Time for something completely different. California Games is one of the most iconic games from the 1980s. Fire up a Commodore, Nintendo or Sega Master system and that classic Midi rendition of Louie Louie immediately takes us back.
It was a groundbreaking game in many ways. It allowed up to eight players to participate in several different sports like Half Pipe Skateboarding, Footbag, Roller Skating, Surfing, and of course, BMX. Each player got to enter their own name and pick a sponsor. I usually chose Kawasaki because I was eight years old, had no idea what the company was about, but did indeed want the good times to roll. My backups were Santa Cruz and Auzzie because I had been told skateboarding and surfing were cool.
But back to the topic at hand; the BMX event. While it may not have been a car game, it was still a type of racing game. The concept was simple enough, begin at the start line and pedal through the side-scrolling course, arriving at the finish line with the largest score possible. Points were awarded for doing simple tricks like jumps, wheelies and tabletops. But for those who wanted to go big, there were 360 turns, backward flips and even the hard to pull off forward flip.
But it wasn’t a straightforward ride. There were obstacles on course to avoid like logs and large, random holes. At times, the track split in two forcing players to choose either the high or low route. And the jumps themselves were of differing heights, which meant only certain tricks could be performed on the smaller jumps.
A player only had three attempts to make it to the end. Crash three times and the round was over. Or, if attempting a backward or forward flip on far too small of a jump, the rider would land on their head, accompanied by the message they’d just broken their neck. It wasn’t just game over, please try again; your player was dead. We played for high stakes in the ‘80s.
Virtual BMX Master
Out of all the sports in California Games, I was by far the best at BMX. As mentioned, I was kid when we got the game. But it was an endearing, party game that we continued at for years. By the time I was 11 or so, my sister and I had a piece of paper where we recorded the highest scores anyone was able to achieve in each sport. Her being a teenager with teenage friends, they were far more adapt at playing and schooled me in every sport – except one.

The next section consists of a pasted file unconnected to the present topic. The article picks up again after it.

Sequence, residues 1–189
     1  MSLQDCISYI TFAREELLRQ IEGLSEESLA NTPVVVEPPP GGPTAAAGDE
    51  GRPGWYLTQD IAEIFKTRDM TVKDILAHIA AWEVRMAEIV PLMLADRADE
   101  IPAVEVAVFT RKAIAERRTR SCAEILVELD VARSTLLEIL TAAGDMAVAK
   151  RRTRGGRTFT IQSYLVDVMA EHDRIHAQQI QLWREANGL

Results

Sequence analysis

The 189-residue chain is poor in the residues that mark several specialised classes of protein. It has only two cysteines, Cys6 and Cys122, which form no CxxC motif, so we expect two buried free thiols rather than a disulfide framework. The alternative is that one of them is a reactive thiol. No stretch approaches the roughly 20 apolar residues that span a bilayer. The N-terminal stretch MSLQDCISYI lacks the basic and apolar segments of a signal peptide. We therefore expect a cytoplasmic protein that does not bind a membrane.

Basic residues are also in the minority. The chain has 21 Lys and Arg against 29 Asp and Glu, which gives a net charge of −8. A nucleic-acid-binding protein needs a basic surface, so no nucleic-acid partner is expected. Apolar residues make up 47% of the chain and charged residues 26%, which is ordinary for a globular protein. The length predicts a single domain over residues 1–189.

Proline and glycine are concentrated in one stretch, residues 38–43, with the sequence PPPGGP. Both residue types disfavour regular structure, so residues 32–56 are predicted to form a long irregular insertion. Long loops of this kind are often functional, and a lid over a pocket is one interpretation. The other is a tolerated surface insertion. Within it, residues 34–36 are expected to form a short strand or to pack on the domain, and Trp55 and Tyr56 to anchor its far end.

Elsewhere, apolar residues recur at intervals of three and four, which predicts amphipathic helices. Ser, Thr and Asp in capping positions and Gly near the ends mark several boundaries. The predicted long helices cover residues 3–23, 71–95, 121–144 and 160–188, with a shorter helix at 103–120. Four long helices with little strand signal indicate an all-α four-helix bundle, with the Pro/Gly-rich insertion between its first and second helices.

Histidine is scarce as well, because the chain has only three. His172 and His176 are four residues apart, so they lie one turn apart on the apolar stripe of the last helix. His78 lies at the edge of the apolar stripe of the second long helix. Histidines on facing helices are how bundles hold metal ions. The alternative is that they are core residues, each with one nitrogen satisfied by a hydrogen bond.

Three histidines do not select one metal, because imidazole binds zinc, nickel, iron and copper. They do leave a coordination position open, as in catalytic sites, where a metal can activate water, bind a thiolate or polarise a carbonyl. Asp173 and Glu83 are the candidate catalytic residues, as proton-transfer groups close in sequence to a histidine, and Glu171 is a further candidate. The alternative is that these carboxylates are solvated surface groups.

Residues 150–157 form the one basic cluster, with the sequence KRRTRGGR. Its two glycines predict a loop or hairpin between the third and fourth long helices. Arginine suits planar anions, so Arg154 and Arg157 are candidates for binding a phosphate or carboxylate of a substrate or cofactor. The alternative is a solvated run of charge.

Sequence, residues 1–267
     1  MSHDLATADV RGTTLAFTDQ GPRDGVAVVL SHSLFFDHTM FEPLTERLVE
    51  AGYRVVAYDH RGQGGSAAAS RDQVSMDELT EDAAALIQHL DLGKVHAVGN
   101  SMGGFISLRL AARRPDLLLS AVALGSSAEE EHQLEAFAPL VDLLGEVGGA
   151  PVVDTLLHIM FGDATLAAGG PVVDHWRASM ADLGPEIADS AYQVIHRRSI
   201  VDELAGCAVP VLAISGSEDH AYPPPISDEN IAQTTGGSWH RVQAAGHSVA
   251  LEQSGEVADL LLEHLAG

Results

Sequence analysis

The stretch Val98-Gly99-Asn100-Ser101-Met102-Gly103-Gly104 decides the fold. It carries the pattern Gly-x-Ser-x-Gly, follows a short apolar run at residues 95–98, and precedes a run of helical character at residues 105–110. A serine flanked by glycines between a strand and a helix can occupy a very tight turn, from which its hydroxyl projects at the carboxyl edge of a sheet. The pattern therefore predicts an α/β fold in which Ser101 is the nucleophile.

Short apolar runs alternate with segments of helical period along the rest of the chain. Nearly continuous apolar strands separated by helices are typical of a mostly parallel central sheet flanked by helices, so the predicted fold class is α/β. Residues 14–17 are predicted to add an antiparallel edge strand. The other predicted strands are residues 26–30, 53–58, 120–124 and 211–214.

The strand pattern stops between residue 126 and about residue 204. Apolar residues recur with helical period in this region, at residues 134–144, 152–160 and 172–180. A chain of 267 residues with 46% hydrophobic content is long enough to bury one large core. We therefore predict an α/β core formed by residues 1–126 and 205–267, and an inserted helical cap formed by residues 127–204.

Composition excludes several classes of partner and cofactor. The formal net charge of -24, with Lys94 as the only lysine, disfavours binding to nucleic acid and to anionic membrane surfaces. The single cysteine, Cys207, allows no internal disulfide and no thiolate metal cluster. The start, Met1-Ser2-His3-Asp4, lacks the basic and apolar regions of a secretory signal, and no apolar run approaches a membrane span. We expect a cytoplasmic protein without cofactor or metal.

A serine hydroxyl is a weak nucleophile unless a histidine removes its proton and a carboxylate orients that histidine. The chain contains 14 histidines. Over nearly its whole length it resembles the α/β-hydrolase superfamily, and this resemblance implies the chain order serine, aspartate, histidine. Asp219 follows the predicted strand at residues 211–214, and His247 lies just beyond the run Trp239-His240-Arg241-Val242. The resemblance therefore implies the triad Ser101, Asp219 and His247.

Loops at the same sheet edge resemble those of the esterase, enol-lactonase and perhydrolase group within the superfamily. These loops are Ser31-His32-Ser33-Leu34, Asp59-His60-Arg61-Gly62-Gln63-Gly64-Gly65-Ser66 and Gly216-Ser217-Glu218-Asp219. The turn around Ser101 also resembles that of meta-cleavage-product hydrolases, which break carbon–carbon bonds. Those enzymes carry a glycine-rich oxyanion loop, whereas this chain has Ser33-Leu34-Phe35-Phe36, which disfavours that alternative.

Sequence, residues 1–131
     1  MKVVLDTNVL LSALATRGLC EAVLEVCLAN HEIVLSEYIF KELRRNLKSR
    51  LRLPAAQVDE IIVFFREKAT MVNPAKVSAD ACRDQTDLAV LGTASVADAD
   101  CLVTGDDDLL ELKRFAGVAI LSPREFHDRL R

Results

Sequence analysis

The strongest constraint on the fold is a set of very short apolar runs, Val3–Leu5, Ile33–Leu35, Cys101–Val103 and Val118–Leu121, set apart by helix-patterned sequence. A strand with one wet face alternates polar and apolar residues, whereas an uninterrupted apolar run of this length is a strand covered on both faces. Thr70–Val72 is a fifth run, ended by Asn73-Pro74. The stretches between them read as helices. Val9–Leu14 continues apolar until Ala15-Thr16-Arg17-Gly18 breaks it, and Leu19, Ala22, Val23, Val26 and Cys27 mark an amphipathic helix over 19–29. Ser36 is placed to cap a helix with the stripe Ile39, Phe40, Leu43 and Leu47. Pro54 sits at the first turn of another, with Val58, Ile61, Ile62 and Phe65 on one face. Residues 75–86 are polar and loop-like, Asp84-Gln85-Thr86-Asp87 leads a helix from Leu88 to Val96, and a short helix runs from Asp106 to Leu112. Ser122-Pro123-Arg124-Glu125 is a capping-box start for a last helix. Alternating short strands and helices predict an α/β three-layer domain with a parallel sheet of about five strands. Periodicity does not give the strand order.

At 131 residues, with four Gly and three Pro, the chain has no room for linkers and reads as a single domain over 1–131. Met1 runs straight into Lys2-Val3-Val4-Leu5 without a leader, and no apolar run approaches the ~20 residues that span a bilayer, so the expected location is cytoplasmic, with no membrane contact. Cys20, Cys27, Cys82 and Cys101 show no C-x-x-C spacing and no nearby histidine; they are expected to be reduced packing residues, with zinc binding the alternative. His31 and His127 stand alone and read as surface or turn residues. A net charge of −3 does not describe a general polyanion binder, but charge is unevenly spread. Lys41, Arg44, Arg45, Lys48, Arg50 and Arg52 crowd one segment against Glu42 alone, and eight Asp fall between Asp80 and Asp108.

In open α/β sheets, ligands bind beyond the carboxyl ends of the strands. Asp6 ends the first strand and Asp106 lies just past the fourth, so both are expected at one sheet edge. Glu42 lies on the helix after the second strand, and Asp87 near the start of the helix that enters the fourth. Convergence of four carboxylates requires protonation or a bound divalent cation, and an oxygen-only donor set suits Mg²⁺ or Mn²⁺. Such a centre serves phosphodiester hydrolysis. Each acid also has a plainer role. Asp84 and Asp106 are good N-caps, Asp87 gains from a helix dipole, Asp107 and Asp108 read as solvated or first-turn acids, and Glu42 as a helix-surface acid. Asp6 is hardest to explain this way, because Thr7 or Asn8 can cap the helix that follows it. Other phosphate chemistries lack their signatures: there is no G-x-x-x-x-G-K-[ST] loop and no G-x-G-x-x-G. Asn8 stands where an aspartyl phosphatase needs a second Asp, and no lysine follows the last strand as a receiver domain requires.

I was still the BMX master. I had memorized every inch of that track and knew which tricks were capable on each jump. I’d spend hours trying to complete the perfect run for the highest score. And the odd time when one of her friends did beat my score, it just meant I’d spend even longer trying to figure out how to maximize an even higher tally.
And then there was the super bike. For each event, California Games had a built-in high score. Since this was original Sega Master System, the game wasn’t capable of saving new high scores. So that meant every time the game was turned off, the scores reset (hence why we wrote down our own high scores on a piece of paper). The built-in high scores were easy to beat and would be surpassed every time we played the game.
Once a high score was beat, players entered a bonus screen where three cards were flipping quickly and began to slowdown. Each card had a picture of a footbag, surfboard and BMX bike. If all three cards stopped flipping on the same sport, it meant the player got a super version of that sport.
For BMW, it meant a bike that jumped twice as high. The scores achieved with this bike crushed anything possible with that piddly little regular bike. Since it was about 30 years ago, my memory is a bit foggy, but I do seem to recall it was possible to perform double backflips with this super bike.
I still do own both a Sega Master System and California Games, so maybe I should fire it up and see if this middle-aged man still has it.